Check out these wild sculptures from lizard wings to a medieval torture device.
After she left WVU, this researcher went on to design the astronaut exercise program still used on the International Space Station.
If you could invent anything, what would it be? For these guys, it was a lacrosse tool to put in the hands of the growing number of devotees of the sport.
In between teaching classes, Rachel Mohr takes her trusty backpack to crime scenes where she uses insects to measure time of death.
West Virginia's first satellite is only the size of a bread loaf. But on the inside, it has the potential to improve how we measure the distance between satellites and the Earth.
Meet the "patients" that students practice on before they ever meet a human patient.
Syringes. Bees. Soil. Microgreens. They're all part of the entrepreneurship wave coming out of the WVU LaunchLab.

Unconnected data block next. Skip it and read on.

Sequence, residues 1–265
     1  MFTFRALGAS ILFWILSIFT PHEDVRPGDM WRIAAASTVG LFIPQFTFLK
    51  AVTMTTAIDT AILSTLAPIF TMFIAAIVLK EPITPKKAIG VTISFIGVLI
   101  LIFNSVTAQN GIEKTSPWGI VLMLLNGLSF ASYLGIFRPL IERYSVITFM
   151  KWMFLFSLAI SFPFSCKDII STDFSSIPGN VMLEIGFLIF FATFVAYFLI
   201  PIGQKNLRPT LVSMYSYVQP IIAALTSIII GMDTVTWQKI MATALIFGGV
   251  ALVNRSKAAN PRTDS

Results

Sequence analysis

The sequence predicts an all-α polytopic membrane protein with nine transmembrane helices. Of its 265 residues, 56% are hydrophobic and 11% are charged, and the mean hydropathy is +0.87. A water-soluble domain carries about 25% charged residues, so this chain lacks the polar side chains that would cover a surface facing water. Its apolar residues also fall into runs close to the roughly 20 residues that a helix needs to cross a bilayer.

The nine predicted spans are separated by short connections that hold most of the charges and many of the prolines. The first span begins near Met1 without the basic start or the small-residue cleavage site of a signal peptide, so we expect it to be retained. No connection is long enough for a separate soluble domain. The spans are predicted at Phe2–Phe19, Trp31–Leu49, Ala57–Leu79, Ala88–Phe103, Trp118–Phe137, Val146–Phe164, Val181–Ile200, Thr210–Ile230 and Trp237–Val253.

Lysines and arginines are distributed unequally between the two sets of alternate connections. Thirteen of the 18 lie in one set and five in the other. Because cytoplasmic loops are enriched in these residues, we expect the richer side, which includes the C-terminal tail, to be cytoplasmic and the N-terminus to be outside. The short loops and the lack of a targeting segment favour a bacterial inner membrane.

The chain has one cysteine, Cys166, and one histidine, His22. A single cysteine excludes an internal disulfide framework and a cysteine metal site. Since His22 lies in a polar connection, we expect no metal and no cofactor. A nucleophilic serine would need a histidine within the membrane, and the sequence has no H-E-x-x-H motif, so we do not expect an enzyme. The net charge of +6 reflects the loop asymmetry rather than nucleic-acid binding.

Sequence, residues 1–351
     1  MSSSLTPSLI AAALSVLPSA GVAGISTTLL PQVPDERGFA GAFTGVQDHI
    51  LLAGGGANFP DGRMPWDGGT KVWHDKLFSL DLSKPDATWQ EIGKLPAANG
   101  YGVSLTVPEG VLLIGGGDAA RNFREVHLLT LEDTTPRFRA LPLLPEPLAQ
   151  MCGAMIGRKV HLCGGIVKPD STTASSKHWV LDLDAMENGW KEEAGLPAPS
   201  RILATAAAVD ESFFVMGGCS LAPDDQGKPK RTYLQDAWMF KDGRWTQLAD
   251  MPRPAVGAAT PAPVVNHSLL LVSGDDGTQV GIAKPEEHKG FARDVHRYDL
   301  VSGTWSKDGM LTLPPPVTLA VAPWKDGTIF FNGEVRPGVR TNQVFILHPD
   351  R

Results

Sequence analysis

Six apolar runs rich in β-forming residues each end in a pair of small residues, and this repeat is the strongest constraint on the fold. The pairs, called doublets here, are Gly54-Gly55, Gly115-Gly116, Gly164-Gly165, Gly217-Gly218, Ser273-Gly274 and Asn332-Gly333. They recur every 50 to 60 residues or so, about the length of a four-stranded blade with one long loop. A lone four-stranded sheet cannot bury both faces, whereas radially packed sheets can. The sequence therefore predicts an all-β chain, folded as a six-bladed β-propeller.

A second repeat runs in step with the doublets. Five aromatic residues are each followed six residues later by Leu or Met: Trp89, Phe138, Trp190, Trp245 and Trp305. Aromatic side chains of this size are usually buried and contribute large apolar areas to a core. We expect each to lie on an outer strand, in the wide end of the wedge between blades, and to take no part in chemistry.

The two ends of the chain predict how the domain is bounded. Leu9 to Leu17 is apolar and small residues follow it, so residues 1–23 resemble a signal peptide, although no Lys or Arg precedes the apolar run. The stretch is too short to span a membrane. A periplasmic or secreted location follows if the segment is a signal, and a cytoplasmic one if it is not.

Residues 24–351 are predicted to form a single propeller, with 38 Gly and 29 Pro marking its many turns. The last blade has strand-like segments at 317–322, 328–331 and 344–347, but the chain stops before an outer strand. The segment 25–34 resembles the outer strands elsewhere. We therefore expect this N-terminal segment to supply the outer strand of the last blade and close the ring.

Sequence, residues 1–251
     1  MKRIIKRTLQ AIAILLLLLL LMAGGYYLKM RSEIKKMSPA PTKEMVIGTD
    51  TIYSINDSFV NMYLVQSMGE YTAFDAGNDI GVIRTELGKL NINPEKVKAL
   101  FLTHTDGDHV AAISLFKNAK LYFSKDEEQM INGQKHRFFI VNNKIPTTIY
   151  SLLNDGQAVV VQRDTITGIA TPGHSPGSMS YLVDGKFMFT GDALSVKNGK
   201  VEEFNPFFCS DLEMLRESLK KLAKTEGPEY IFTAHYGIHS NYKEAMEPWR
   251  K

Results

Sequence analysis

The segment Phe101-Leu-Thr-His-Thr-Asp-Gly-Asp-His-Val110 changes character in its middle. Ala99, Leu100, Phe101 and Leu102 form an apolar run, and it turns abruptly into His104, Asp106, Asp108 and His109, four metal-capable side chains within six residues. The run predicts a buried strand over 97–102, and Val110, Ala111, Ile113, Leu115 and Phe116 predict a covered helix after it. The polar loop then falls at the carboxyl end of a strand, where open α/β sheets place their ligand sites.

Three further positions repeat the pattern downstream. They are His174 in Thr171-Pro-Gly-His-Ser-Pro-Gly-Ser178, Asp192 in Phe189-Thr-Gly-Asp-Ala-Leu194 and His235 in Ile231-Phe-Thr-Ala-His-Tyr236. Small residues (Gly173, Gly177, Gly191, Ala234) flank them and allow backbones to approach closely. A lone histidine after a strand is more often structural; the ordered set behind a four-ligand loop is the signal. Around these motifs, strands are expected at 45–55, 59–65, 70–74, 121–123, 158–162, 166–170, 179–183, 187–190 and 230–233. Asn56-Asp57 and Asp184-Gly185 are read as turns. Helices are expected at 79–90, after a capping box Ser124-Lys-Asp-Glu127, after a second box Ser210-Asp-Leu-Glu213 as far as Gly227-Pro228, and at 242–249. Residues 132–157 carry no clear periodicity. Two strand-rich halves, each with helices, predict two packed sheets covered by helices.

Photojournalist Lois Raimondo went into Iraq and Afghanistan after 9/11. This is what she saw.
Gravitational waves are a ripple in spacetime. Researchers at WVU helped to make this discovery possible.
This is the real story about the team who uncovered the global Volkswagen emissions cheating scandal.
There's a fungus among us. Arbuscular endomycorrhizal fungi help 80 percent of plants on earth stay alive. The largest collection on Earth of these lifesavers is at WVU.
Kirk Hazen is a linguist who studied 1800s-era swearing to consult on an upcoming HBO Miniseries. Read on to find out his favorite old-time swear words.
Agriculture law professor Alison Peck says your food is more unregulated than you think. As genetic engineering has advanced, U.S. law hasn't caught up, and she has some ideas on how to change that.
Michael McCawley has been in the public health trenches from the fiery oil fields of Kuwait to the aftermath of the Mount St. Helens eruption. Right now, he's got some ideas about how to avoid water crises like the one in Flint, Mich.